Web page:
IMAGE 1: 285x250 pixels/ 75 ppi / JPG / 1:1 compression ratio / 58KB disk / 209KB memoryIMAGE 2: 285x250 pixels / 75 ppi / GIF / 1:1 compression ratio / 43KB disk / 70KB memory
  • Image 1: 285x250 pixels/ 75 ppi / JPG / 1:1 compression ratio / 58KB disk / 209KB memory
  • Image 2: 285x250 pixels / 75 ppi / GIF / 1:1 compression ratio / 43KB disk / 70KB memory

Surprised? Reload this page and see how much faster the GIF image loads. This serves to illustrate that it is very hard at times to tell the difference in image quality between GIF and JPG files. In practice you will need need to experiment to see what works best for your particular E-Pass image.

Design Considerations for the Disabled

Recently the US Congress passed an Amendment to the Americans with Disabilities Act that stipulated that all business that wished to receive government contracts that have web sites, must make their sites assessible to the disabled. This has had many businesses, even those who do no business with the government (who fear law suits being filed against them), scrambling to make their sites compliant with the new Law.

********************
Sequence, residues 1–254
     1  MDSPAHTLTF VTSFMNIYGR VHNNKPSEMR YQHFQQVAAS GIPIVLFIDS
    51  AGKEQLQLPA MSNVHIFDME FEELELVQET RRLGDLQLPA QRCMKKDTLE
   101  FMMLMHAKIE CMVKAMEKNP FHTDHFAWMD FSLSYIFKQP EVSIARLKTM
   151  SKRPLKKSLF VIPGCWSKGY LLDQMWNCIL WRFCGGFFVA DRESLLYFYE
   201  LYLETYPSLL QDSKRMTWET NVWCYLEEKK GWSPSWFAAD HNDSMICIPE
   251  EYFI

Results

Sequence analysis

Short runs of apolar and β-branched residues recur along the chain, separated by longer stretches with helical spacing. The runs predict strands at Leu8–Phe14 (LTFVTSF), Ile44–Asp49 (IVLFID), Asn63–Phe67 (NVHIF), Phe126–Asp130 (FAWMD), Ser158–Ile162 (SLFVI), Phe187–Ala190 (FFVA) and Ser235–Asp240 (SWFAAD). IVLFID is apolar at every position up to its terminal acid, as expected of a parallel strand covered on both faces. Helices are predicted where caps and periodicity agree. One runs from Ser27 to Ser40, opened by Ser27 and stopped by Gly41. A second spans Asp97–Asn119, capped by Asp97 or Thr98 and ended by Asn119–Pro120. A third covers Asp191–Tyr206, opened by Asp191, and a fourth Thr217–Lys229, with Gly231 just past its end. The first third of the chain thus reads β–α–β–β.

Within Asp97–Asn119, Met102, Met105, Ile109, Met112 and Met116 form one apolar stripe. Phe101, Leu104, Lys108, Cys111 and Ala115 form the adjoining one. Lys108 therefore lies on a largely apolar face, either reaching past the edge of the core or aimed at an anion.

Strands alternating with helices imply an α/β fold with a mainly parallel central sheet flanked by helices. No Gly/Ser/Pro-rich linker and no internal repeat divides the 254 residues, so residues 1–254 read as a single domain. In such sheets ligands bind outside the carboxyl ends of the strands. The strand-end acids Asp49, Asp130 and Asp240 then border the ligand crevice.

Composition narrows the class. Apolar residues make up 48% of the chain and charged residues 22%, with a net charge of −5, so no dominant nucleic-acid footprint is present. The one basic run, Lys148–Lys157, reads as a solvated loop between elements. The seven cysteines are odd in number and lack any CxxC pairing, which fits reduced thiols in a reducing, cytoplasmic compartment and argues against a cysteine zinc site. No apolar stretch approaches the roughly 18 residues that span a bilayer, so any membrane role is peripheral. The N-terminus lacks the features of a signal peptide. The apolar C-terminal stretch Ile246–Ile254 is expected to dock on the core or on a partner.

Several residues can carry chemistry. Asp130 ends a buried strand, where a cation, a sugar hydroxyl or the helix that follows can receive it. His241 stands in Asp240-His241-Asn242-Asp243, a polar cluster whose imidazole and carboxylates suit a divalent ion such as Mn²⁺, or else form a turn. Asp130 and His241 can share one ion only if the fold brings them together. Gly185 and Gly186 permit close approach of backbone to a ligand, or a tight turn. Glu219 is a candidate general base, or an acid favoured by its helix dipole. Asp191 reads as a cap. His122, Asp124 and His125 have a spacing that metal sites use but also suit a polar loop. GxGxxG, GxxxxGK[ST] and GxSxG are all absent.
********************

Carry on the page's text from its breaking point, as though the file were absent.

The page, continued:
For professional web page designers, this is proving to be a major headache as many techniques currently employed to create and structure commercial web sites do not work well with text-only and speech-enabled browsers that many of the disabled need to use. This page for example will not be fully compliant with the new Law as it relies entirely on tables to constrain and layout the page contents. One of the biggest culprit will be something that you cannot see and this is the 1x1 pixel transparent GIF that has been used liberally throughout this site to do amongst other things, indent the paragraphs. On a speech enabled browser, this invisible graphic will cause havoc.

So what has all of this to do with E-Passes? Especially since, as a private individual, there is no provision under the new Law that directly affects anything you are doing on your site. It is this: there are many disabled people who are also interested in, or who are active model railroaders. If they are restricted by circumstances to having to use a text-only or speech-enabled browser, they will never see any of the beautiful E-Passes featured on railroad sites around the Web.